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Disclosure: our visit to Zaragoza was a day trip from Lleida, where I was attending a conference. While we did not have time to see much beyond the Palace of the Aljafería, the Basilica, Cathedral, a couple mudejar towers, and visit a tapas bar for lunch and discover a brand new café, our impression of Zaragoza could not have been better. It is definitely a city I would go back to!

#aljaferia #zaragoza #spain #aljamiado #nofilter

Click on the image to see the album

Among the highlights from our trip were:

  1. The Palace of the Aljafería – the oldest Muslim palace in Spain, a full 300 years older than the Alhambra in Granada. Many sections had to be restored and some parts were built after Zaragoza came under Christian rule in the 13th century but it is still very impressive.
  2. La Seo de Zaragoza – a truly impressive cathedral that is well worth a visit.
  3. La Clandestina Café – a very cute café that opened only a week prior. It had a lot of character and the folks who own it were extremely nice. It was the perfect place to chill out for a while before going back to Lleida. I would love to have a place like that in Girona to hang out at….
  4. Al Alba – a small tapas bar in the old city, it was a great place to try some of the local specialties, such as migas aragonesas.
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My impressions of Lleida is marked by the eery sound the storks made, nested high on the towers of the Seu Nova (the new see, i.e. the new cathedral). The clacking sound reverberated above the chirping of the thousands of swallows and pigeons competing for space. Lleida itself has clearly seen better days. The signs of economic depression are still clear. Boarded up shops and residential buildings dot the old city, where it is hard to go anywhere without be approached by a beggar or a street pedlar.

The medievalist in me was sad to see that so little of its medieval past has survived, especially in comparison with Girona. It isn’t difficult to understand why. The city held an important strategic position for any army invading Catalonia from the west and had suffered numerous attacks over the centuries. The armies of Pompey and Caesar met at Lleida in 49 BCE and many other armies would go through since then. Its impressive Gothic cathedral, built on top of a hill overlooking the region was commandeered as barracks in the early 18th century, during the war of Spanish Succession. It was a military building until the 20th century and my medievalist heart weeps when I think of the damage the building has suffered over the years of military use.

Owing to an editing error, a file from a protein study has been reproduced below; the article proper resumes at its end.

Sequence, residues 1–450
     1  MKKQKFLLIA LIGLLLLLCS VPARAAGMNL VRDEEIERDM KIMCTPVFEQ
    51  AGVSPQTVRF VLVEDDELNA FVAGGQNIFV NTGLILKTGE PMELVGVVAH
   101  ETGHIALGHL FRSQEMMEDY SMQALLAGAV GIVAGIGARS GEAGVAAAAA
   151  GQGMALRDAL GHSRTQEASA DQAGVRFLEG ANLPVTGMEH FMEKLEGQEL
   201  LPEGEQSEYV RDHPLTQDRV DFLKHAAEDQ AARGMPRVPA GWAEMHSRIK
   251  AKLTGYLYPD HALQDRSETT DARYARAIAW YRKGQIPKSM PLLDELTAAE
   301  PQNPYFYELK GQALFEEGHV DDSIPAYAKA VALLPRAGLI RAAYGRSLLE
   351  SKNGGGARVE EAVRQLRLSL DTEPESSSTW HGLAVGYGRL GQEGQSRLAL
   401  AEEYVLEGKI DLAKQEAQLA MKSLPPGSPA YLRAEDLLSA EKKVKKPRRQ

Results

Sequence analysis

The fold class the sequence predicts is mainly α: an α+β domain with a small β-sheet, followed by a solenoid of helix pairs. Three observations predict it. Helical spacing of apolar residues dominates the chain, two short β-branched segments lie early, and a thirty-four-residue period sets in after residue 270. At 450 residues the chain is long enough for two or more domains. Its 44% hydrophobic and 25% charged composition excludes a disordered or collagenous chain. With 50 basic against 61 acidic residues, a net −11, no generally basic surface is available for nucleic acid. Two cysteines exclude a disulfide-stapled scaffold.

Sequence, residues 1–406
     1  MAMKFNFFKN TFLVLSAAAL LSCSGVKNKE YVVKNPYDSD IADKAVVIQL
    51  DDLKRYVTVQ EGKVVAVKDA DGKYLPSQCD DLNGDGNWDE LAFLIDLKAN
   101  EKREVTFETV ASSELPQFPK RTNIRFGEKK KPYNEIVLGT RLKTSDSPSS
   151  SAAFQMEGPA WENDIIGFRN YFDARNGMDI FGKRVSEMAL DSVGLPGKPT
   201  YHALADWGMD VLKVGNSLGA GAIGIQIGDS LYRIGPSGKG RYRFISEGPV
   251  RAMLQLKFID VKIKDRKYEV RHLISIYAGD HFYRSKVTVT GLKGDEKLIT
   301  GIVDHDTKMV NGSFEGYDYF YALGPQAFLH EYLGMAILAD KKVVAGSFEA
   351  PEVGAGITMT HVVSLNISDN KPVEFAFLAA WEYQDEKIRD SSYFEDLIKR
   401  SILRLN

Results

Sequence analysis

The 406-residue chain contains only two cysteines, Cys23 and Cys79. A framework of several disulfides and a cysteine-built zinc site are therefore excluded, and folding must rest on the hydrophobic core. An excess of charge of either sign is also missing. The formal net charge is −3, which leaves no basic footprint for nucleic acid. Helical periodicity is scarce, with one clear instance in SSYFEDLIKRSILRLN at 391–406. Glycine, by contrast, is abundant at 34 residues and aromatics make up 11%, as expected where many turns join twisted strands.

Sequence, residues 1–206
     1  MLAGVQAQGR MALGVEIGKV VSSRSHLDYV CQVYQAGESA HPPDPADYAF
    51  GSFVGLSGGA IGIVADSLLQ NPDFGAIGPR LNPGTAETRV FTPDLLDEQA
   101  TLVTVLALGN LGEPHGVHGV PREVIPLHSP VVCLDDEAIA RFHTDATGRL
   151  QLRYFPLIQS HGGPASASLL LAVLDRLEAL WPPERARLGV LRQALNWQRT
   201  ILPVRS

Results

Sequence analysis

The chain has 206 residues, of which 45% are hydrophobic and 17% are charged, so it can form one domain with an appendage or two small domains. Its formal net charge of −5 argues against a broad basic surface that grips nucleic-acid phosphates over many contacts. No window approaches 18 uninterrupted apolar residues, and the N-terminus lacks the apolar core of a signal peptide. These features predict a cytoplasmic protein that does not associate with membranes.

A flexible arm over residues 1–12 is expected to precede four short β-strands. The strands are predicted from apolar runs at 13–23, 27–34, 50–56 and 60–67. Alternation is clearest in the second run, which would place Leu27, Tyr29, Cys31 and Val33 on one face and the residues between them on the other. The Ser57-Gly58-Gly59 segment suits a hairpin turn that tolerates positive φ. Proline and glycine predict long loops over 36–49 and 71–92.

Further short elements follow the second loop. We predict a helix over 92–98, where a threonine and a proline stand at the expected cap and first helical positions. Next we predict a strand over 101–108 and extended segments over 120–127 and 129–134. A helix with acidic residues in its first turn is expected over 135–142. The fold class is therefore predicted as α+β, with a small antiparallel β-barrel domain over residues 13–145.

the largest cloister in gothic Europe #lleida #seuvella #gothic
Seu Vella in Lleida #lleida #seuvella #cathedral #gothic #cloister #landscape

The cathedral itself has been restored in recent years but the bullet marks and the lack of stained glass windows stand as witnesses to its troubled past. Luckily, the cloister, the largest in Gothic Europe, survives and the views from it are simply breathtaking.

Coming from a few weeks in Girona, a foodie paradise, food in Lleida was underwhelming until we discovered Xalet Suis, a family-run restaurant of the highest quality. At times, during the fifteen-minute walk under blazing sun from the Seu Vella to the restaurant, we wondered if it was indeed a good idea to go there for lunch. It was well worth the walk. Not only did Jordi Balasch receive us extremely well but his service was impeccable. We ordered a couple of salads and a plate of grilled vegetables (escalivada) to start. The idea was to share it among the four of us. He brought each dish separately, taking it away when we were done and bringing the next dish after so that we could savour each one on its own. It was obvious that Balasch and his children (his son and daughter are responsible for the kitchen) pay a lot of attention to the quality of the produce they chose. Each salad easily ranked as some of the best I ever had. As a main course, we chose arròs negre (rice cooked with calamari and its ink), made in house. That was served with the best alioli I ever had. Our visit to Xalet Suis was definitely the highlight of our visit to Lleida.

Xalet Suis, LleidaXalet Suis, Lleida

Xalet Suis, LleidaXalet Suis, Lleida